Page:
Beckwith searching for that clause in the Constitution or that law that defines three classes of citizenship.
You contend that there are only two classes of citizen -- natural born and naturalized -- thereby making anchor babies eligible to be CiC.
Your contention is that there is no reference to "native born" in the law.
You are simply wrong.
Here are legal references that proves you are misinformed to the max -- and I have more:
Native Born citizen:
This principle was clearly stated by Attorney General Edwards Pierrepont in his letter of advice to the Secretary of State Hamilton Fish, in Steinkaulers Case, 1875, 15 Op.Atty.Gen. 15. The facts were these: One Steinkauler, a Prussian subject by birth, emigrated to the United States in 1848, was naturalized in 1854, and in the following year had a son who was born in St. Louis. Four years later Steinkauler returned to Germany taking this child and became domiciled at Weisbaden where they continuously resided. When the son reached the age of twenty years the German Government called upon him to report for military duty and his father then invoked the intervention of the American Legation on the ground that his son was a native citizen of the United States. To an inquiry by our Minister, the father declined to give an assurance that the son would return to this country within a reasonable time. On reviewing the pertinent points in the case, including the Naturalization Treaty of 1868 with North Germany, 15 Stat. 615, the Attorney General reached the following conclusion: Young Steinkauler is a native-born American citizen.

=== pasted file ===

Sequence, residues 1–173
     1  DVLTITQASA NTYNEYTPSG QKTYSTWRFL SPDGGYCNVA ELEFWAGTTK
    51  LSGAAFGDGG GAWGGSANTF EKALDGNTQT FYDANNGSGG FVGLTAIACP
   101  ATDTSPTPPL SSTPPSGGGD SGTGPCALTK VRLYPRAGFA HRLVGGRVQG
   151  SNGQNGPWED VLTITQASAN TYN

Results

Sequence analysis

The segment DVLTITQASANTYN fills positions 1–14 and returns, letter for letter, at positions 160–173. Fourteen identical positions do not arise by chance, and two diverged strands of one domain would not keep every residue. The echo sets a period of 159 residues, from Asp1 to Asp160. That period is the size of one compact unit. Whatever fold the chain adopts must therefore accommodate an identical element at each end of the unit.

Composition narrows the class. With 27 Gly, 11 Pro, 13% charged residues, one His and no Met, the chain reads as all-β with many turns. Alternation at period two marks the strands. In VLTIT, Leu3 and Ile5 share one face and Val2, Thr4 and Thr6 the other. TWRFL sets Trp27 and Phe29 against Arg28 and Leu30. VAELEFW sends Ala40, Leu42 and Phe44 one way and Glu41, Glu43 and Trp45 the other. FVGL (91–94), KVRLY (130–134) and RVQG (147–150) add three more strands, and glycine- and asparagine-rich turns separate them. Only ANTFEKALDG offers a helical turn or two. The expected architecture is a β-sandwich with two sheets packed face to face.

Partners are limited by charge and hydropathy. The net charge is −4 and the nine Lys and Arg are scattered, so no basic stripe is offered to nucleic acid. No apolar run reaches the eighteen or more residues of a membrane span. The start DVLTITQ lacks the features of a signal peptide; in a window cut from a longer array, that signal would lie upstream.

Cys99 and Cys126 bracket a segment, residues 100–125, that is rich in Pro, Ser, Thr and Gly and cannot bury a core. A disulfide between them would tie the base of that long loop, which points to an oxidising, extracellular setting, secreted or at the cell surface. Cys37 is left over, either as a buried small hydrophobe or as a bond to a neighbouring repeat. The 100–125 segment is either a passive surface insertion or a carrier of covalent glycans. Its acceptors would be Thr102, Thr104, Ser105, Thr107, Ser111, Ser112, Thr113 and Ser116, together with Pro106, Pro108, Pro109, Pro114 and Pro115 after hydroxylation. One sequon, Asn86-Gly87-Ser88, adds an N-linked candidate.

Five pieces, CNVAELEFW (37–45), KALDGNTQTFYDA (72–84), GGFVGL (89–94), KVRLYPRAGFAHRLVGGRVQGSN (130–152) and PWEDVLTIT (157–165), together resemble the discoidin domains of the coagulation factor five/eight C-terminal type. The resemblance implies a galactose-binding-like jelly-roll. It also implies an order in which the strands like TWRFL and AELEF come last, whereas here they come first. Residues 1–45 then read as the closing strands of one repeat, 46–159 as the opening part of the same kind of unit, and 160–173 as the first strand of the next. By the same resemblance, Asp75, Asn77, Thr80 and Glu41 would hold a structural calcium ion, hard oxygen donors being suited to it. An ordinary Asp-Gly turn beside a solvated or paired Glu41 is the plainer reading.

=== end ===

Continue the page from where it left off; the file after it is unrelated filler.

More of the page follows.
Mr. Steinkauler was found to be a native born citizen because he was born in the mainland USA (St. Louis).
Other "Native Born" references:
U.S. v. Wong Kim Ark, 169 U.S. 649 (1898) -- The holding in U.S. v. Wong Kim Ark states that Wong Kim Ark is a "native born citizen."
Perkins v. Elg, 307 U.S. 325 (1939) -- The cross petition of Miss Elg, upon which certiorari was granted in No. 455, is addressed to the part of the decree below which dismissed the bill of complaint as against the Secretary of State. The dismissal was upon the ground that the court would not undertake by mandamus to compel the issuance of a passport or control by means of a declaratory judgment the discretion of the Secretary of State. But the Secretary of State, according to the allegation of the bill of complaint, had refused to issue a passport to Miss Elg 'solely on the ground that she had lost her native born American citizenship.' The court below, properly recognizing the existence of an actual controversy with the defendants
Now go back under your rock.
posted on 12/03/2009 3:57:17 PM PST
(A "natural born citizen" -- two American citizen parents and born in the USA.)
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